Then a proclamation was issued and sent to all the descendants of the captivity that they must gather at Jerusalem, this order being accompanied by the warning that one who refused to come would have all his property confiscated and he himself separated from the assembly of the returned remnant (vv. 7-8). Why should this be in the case of those who were not guilty of mixing with the nations?Because all were affected by the evil of even a few, though in this case it was more than a few.But all the people were intended to feel the guilt that Israel had incurred by the evil allowed in their midst, so that it would not be so likely to quickly rise again.We surely must always feel the shame of wrongs committed in our own company, and take sides with God in a proper judgment of them.
Within three days after the proclamation was made, this gathering took place, and even though the people had to sit outside in a heavy rain, there was no delay in facing the matter.The time would correspond to our December or January, so that the weather only increased their trembling over the matter that troubled them.
Ezra then spoke briefly and to the point, "You have transgressed and have taken pagan wives, adding to the guilt of Israel.Now therefore make confession to the Lord God of your fathers, and do His will; separate yourselves from the peoples of the land, and from the pagan wives"(vv. 10-11). Perhaps it was Ezra's prayer and self-judgment that kept the people from resisting this order, for generally those who have sunk into evil are stubborn enough to resist any reproof.But God was working, as He always does in response to faith and self-judgment.
All the people answered decisively, "Yes!As you have said, so we must do" (v. 12).How thankful Ezra must have been to hear these words!However, as they say, this work would take time, both because of the weather and because there were many involved in this transgression.They suggest that appointments might be made at stated times for the judging of every case, with judges and elders present, and this suggestion was accepted in spite of some apparently disagreeing (v. 15).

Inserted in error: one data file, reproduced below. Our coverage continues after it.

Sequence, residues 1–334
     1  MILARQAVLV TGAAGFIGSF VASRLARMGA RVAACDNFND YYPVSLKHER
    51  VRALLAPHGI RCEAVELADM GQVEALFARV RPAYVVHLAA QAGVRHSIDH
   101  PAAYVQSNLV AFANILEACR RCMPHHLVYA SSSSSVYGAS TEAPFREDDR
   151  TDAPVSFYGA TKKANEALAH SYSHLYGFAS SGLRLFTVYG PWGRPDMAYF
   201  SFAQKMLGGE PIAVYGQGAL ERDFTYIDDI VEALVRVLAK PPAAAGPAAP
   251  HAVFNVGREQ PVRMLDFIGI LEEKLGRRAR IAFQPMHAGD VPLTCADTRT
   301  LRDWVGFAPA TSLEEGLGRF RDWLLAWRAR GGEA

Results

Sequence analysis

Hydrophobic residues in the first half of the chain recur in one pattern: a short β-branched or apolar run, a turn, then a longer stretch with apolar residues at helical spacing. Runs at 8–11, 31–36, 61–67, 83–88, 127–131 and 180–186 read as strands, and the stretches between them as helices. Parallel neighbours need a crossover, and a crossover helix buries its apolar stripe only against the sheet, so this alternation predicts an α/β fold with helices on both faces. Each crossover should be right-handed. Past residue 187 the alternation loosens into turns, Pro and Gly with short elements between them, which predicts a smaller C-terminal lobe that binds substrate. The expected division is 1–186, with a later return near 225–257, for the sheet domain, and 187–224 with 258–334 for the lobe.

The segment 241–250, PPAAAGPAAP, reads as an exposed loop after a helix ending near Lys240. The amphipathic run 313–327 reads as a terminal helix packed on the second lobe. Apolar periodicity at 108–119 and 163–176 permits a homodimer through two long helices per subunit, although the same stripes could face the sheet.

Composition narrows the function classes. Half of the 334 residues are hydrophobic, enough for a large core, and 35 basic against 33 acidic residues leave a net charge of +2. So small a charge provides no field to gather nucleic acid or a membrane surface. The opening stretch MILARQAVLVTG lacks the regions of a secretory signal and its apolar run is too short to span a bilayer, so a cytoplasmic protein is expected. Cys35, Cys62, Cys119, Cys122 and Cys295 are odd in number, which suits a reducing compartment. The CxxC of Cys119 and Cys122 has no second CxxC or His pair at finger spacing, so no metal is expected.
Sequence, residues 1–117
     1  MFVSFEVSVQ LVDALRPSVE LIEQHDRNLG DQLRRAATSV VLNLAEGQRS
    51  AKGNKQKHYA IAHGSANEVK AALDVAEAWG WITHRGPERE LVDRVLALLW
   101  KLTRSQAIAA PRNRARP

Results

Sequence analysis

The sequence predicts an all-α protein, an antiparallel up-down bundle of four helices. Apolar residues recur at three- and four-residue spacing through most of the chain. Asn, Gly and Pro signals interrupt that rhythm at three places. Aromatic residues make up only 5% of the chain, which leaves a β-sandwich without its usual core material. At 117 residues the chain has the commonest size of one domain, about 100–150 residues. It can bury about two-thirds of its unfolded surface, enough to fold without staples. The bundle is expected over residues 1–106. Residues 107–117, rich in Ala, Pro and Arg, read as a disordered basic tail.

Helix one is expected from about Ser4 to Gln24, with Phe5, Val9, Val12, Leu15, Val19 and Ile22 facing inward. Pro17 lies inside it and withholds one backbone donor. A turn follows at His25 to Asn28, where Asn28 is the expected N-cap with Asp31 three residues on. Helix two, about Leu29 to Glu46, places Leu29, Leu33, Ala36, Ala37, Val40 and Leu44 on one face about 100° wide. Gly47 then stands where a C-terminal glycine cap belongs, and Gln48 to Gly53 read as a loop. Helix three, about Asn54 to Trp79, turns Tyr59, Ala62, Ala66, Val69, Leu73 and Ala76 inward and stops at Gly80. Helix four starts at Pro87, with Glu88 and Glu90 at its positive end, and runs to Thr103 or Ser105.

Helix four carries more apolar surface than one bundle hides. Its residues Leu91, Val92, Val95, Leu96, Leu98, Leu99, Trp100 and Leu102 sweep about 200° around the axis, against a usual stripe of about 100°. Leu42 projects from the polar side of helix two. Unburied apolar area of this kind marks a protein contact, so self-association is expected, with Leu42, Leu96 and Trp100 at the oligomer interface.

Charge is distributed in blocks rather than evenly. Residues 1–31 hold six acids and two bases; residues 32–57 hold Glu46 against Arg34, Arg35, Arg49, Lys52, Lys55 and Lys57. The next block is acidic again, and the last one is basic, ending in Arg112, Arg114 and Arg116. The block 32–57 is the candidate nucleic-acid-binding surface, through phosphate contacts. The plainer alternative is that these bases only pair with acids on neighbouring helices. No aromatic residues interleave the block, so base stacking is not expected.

The most responsible for this guilt are mentioned first, priests, the sons of Jeshua (v. 18), and then other priests (vv. 20-22).Jeshua had been identified with Zerubbabel in building the house of God (Haggai 2:2-4), and for his sons to fall into the snare of the enemy was deeply serious, for this provided a bad example for others.When they gave their promise to put away their strange wives, they presented a ram as a trespass offering.Whenever we have been guilty of any sin, we must be reminded that Christ is "the propitiation for our sins" (1 John 2:1-2).If we think seriously of the agony He suffered on account of our sins, are we likely to carelessly slip back into sin again?Thus, self-judgment should be real, and full.